This cooking utensil with microwave heated walls simulates the performance of a "Dutch Oven".
A casserole dish, with a bottom piece 7" in diameter×11/4" deep and a matching domed cover, is made of red clay. The inner surface of the bottom piece is sealed with a clear ceramic glaze while other surfaces are bare and liquid absorbent. Bare surfaces, all but the top handle, were treated with melted polyethylene glycol, having a molecular weight of 1450, and then painted with glycerol mono-oleate, the first being water miscible but the more microwave susceptible fluid of the two, and the second being water immiscible and therefore water repellant.
The dish was microwaved empty at 500 watts reaching an inside temperature of 300° F. in 9 minutes. This would clearly be impossible to achieve with such a dish untreated or solely by microwaving a water-rich food item. Thus the cooking performance of the treated casserole would in effect be more akin to a conventional oven than to pure microwaving.
A method of heating is described according to this invention for serving melted butter and keeping it hot for an extended period.
A ceramic cup with handle, 3" in diameter and 31/2" deep, is made of liquid absorbent red pottery. The cup is glazed inside with white ceramic enamel which extends over the rim and down the upper portion of the outer wall. Bare surfaces, all but the handle, were treated with melted polyethylene glycol with a molecular weight of 600, excess fluid being blotted dry following several heating cycles in the microwave. The cup was filled with a stick of refrigerated butter. Upon microwaving, the butter melted promptly by high heat from the walls of the cup and remained melted for at least 30 minutes afterwards. A utensil of this type can thus be used for melting, holding and dispersing hot a variety of substances which by themselves are relatively non-responsive to microwave energy.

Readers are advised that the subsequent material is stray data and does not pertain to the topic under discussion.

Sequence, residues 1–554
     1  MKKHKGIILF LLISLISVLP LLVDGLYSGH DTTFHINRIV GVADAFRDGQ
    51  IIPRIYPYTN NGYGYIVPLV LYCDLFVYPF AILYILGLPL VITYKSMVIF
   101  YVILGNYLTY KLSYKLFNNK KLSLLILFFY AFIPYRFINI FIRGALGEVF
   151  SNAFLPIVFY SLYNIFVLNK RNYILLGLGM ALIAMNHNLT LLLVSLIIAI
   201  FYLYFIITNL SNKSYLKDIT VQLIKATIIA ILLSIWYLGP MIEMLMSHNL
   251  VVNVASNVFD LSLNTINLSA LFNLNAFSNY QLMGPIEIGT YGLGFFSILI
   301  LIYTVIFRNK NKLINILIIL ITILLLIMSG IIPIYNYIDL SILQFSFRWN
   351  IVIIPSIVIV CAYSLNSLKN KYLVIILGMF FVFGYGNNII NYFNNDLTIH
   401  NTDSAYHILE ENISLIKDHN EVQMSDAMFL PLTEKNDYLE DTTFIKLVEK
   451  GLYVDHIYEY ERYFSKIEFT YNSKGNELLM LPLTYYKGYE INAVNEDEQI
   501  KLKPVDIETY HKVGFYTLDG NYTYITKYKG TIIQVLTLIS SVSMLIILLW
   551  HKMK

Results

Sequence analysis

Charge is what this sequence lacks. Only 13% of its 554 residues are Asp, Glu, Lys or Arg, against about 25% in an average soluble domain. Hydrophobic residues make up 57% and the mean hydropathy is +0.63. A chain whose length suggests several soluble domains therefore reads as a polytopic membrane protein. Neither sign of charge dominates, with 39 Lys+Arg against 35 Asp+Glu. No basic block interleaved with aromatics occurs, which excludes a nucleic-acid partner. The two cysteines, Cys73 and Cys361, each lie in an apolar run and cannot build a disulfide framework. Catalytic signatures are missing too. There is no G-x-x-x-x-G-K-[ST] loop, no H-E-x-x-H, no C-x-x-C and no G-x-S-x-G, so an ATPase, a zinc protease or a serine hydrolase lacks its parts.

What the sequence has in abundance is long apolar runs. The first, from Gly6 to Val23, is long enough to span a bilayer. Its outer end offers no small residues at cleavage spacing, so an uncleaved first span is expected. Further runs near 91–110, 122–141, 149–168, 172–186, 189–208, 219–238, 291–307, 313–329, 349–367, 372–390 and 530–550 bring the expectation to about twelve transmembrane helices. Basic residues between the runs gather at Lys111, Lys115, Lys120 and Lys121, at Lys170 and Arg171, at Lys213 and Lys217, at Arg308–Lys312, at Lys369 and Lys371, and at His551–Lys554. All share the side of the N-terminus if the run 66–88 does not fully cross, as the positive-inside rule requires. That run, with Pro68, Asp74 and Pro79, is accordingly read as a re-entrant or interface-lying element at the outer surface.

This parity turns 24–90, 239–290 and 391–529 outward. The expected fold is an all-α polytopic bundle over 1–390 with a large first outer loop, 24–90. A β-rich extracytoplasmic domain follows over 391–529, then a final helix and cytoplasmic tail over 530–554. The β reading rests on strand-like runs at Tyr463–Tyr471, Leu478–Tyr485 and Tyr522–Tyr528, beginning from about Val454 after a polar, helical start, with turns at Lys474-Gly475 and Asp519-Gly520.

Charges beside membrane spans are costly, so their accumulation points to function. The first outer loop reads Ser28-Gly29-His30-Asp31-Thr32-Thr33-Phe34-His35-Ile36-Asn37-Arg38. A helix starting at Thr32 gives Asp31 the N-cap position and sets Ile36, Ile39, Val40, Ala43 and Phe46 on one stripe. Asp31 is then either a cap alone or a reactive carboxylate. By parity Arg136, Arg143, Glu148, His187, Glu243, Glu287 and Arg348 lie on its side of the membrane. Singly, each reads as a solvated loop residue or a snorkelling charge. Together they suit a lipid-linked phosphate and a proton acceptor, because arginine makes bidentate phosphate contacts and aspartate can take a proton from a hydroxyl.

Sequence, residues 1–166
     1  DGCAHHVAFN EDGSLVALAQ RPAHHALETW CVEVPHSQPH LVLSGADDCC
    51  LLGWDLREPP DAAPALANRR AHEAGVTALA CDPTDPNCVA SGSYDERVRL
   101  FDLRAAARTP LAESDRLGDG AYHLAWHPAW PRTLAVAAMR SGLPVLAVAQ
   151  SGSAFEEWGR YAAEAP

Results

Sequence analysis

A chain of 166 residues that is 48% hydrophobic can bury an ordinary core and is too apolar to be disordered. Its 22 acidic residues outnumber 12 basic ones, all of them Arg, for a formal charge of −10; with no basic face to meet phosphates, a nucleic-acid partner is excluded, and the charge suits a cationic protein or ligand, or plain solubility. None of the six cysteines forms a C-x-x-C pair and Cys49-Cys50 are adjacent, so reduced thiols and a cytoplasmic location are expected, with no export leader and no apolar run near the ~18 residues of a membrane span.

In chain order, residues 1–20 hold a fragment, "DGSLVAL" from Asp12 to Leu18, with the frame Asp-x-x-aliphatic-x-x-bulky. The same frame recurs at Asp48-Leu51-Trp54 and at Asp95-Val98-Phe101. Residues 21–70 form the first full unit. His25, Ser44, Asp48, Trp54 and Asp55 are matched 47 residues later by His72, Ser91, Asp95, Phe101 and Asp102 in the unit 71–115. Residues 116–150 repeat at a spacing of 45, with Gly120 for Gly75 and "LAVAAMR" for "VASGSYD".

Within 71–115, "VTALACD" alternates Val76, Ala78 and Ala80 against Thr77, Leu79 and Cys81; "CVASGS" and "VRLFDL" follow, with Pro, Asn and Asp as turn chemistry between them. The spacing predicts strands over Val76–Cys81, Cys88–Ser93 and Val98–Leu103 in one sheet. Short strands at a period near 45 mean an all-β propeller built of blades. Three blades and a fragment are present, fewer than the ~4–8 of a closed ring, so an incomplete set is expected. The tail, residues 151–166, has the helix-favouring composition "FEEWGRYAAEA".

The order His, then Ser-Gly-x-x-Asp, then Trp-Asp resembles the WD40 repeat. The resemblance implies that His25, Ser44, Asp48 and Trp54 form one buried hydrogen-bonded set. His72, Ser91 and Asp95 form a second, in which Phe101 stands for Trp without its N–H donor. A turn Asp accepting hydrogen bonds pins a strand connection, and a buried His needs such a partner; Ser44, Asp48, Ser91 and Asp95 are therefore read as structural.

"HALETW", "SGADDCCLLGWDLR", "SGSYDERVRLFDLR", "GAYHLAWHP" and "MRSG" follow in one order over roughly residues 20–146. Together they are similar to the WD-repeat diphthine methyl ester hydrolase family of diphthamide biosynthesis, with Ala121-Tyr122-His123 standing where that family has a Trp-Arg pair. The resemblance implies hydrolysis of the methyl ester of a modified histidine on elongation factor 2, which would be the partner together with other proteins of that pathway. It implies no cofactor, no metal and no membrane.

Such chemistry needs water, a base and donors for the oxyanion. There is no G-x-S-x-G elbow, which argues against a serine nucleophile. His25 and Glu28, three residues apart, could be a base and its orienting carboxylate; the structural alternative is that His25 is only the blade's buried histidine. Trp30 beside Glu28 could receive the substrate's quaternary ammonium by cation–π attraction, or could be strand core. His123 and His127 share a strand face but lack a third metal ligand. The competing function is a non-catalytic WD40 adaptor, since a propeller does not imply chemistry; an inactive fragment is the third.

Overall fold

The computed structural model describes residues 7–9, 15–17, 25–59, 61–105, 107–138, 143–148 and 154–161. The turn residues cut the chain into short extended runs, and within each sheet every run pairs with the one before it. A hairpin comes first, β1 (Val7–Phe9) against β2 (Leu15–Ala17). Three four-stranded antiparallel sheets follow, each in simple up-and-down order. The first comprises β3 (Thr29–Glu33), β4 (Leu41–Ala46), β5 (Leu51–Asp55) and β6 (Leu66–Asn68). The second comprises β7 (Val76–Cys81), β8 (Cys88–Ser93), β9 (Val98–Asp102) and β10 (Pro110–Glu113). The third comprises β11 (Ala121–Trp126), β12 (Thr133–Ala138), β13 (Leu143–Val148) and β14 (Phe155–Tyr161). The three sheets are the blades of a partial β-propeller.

This example demonstrates a heating pad with means of attachment to a body limb being treated.
An adult-size sphygmomanometer with a Velcro cuff, made by the W.A. Baum Co of Copiaque, N.Y., was modified by removal of the pressurizing bulb, manometer and connecting tubing assembly. The rubber balloon, normally filled with air, was filled with 3 ounces of tetraethylene glycol, freed of excess air, and then sealed with silicone rubber. The modified and re-assembled unit was placed in a microwave oven at 500 watts for 2 minutes, and then used as a heating pad around the arm.
This example discloses a method of preheating a dinner plate or serving platter before its use at the table.
A ceramic plate, 81/2" in diameter with raised side walls, is glazed on all surfaces except for its flat bottom. The bottom of the plate was impregnated with melted polyethylene glycol, 600 in molecular weight. The plate was preheated in the microwave for several minutes and then used for serving a hot food. Heat stored in the plate maintained the food hot longer than a cold plate would. Because the heat was localized on the bottom, under the food, the rim of the plate was only warm and comfortable enough to be handled.
The methods described in this example and the two following relate to a hot-melt composition which is microwave responsive.
A piece of bleached cardboard was folded over and glued together by a hot melt compound. Glycerol was then painted on the outer surfaces of the folded board, above and below the point of hot melt contact. Microwaving the combination for one minute at 500 watts generated heat in the glycerol which softened the hot melt and allowed the glued board to come apart.